A tournament that lost the hosts 28 days before the final found champions who had come the furthest distance of all to deliver the best possible message. McCaw won 131 of his 148 games in an All Black shirt and is the one who held it all together for these consecutive world titles.
Carter supplied the orchestration and panache. The cruelty of his injury four years ago was finally laid to rest. For the team he leaves behind, a large rebuild awaits. For Carter, three money-making seasons lay ahead. Even Paris will envy his coolness and style.
Oliver Holt in the London Daily Mail:
Sport is about the gods of the game and at Twickenham the World Cup Final was defined by the greats of an All Blacks team as they prepared to depart the stage they have graced for so long. It was about Richie McCaw and Ma'a Nonu and Conrad Smith who are all expected to retire. But most of all, it was about the greatest of them all. Most of all, it was about Dan Carter.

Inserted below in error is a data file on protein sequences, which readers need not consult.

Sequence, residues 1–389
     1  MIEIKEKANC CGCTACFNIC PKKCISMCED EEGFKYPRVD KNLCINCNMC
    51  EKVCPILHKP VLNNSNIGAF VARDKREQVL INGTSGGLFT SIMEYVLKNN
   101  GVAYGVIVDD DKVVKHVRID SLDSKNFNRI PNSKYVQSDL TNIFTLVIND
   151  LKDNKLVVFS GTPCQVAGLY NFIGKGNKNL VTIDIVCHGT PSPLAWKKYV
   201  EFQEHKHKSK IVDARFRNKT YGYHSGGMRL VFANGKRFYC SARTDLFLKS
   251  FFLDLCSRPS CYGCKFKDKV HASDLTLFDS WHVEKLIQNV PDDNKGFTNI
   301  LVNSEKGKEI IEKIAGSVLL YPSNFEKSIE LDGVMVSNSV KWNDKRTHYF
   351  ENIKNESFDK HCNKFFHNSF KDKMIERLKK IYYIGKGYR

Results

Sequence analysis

What a final and what a way for the best player in the world to call it quits. Just when New Zealand thought they had won it, Australia's incredible defiance meant that they had to go out and win it all over again. And when they needed him, when they needed his magic, when they needed his character, Carter stepped up.
The victory meant New Zealand became the first team to retain the Webb Ellis Cup and the first nation to win the trophy three times. It was also the first time they had won the tournament on foreign soil. They symbolise the joy and the spirit of rugby and now, at last, they can say their success matches the enchantment they spread.
For Carter, it represented the closing of a circle. He had never won a World Cup before. He had never even played in the final. Injury ruled him out early in the tournament four years ago when New Zealand won the trophy on home territory. This was his last chance to win the big one.